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A SENSE OF PLACE

A SENSE OF PLACE

MARITIME EXPRESS’S HOTEL TAKEOVER

The taproom of the Maritime Express Cider Company sits in what was once the grand entrance to the Cornwallis Inn, constructed in 1930 by a subsidiary of CP Railway to service rail passengers travelling through Kentville. Like other CP Railway hotels, the Cornwallis Inn was a showstopper, and despite several renovations, evidence of the grandeur remains.

Impressive granite walls that once formed the hotel exterior enclose the taproom, the frame of the old revolving door still in place. It is a beautiful room, one that makes Maritime Express co-owner and cider maker Jimi Doidge think, “This is unreal,” every time he walks in. “We are so lucky,” he says. “We could never build a space like this, and the building adds to what we are doing. Right away, we had the branding done, and we could play with the railroad theme.” Some of their ciders even get their names from the trains that serviced the original Kentville line, and you’ll see nods to railways in the cidery’s branding and throughout the space.

ORGANIC EXPANSION

Initially, they only planned to open the taproom and build a production area in the basement. But since opening in October 2018, Maritime Express has grown its footprint to license and use most of the former hotel’s first floor. The historic revolving door to the lobby and opens on to plush sofas beneath a ceiling mural of a blue sky dotted with fluffy clouds. There’s a dining room off to one side, filled with carefully chosen period adornments and furniture made by Doidge to compliment the wood-panelling and ornate original fixtures perfectly. Everything has been carefully restored not just by the cidery, but also the property management company, Safeguard, who Doidge says has been instrumental in bringing this building back to its former glory (a company in Toronto owns the property).

“Five years ago, there were only four businesses here, but now there are more than 30,  plus there are 90 residences above. They don’t even have to advertise the residences, they’re fully rented, and they are beautiful,” Doidge says. “The old penthouse rooms in the clock tower have double doors, fireplaces, and three bedrooms. And the other apartments are each made of two hotel rooms.”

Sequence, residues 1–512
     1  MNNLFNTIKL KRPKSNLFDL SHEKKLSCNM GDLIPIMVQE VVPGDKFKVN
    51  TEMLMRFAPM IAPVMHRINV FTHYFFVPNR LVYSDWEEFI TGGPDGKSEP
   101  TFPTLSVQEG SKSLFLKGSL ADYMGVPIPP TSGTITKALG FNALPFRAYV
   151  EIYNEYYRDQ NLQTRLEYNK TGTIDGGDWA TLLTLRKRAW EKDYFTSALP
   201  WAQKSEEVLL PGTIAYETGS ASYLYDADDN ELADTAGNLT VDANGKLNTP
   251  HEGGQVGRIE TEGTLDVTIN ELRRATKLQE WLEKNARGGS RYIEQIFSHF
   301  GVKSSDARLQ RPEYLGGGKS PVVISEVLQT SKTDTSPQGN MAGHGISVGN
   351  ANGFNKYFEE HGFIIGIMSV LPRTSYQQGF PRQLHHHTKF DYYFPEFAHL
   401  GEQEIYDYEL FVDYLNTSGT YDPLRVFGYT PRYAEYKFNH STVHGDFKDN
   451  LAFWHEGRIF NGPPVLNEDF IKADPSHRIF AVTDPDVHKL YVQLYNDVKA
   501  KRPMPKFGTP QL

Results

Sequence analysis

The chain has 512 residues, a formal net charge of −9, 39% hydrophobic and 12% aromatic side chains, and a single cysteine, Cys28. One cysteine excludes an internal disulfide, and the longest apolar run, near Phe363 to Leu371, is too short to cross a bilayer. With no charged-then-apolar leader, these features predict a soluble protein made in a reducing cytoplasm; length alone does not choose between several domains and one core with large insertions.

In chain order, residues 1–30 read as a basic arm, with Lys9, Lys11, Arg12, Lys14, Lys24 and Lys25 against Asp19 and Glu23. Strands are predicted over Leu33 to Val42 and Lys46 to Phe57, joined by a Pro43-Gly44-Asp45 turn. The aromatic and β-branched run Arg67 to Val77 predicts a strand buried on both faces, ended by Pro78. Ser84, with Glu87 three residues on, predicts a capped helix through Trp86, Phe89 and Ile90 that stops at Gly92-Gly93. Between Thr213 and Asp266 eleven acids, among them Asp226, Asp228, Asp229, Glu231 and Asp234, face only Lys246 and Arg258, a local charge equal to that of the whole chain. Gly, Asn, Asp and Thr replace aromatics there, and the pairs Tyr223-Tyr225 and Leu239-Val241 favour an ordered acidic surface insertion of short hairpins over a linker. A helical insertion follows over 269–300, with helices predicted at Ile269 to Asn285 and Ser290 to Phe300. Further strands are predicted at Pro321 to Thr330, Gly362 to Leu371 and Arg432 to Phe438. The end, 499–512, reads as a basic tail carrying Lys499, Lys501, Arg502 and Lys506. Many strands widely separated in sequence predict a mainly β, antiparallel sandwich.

Another star feature of the sprawling property is the ballroom, renovated to a bright and gorgeous event space that the cidery uses to host weddings and the occasional show—again never part of the original plan but something Kentville locals adore. “We get people in here all the time whose grandparents got married here, and they want to get married here,” Doidge says. The concerts they’ve hosted have been awesome, and they sold 300 tickets for a Halloween party pretty much as soon as they released. “I had no idea when we opened that there was a need for people in this area to get out and do stuff, and our audience ranges from 19-year-olds to 70-year-olds,” Doidge says.

DEVIATION FROM THE DREAM

Owning a business this big was never part of Doidge’s original plan. He moved to the Valley from Hamilton, Ontario, with his wife four years ago. They were looking for a change and moved to Centreville sight unseen after researching places to buy a little farm and start their family. Cider making was Doidge’s hobby, and initially, he wanted to start an orchard and small farm cidery, take things slow. “But then I fell in love with Kentville and was looking for some way to do it here, maybe start a small tasting room,” he explains, “Then I met my business partner Scott Hearn, who’d been looking to start something similar and we decided to just go for it.”

The original plan also never included a restaurant, though it’s now a huge draw for the cidery. “In order to be allowed to have children in, and to serve wine and beer, we needed to serve food. The kitchen for the hotel was sitting empty, so we started with a small menu, then that took off, and we met with chef Steph Levac who was really interested in doing something that he could control. Since he came in it has been crazy, and we’ve basically turned into a restaurant.”

From start to finish, renovations took 250 days. “We had to paint everything, put new floors in, and thankfully the foundations in the basement are poured concrete so didn’t need to be fortified to hold the tanks. Putting a drain in was challenging, and the ceiling height means that one of our tanks almost skims the ceiling, but everything fits in,” Doidge says. Clearly, the space seems perfectly suited to everything they wanted to achieve, and then some. There’s still room to grow and plans to renovate another dining room space. “I don’t ever want to get too big, although I’d like a few more tanks at some point.”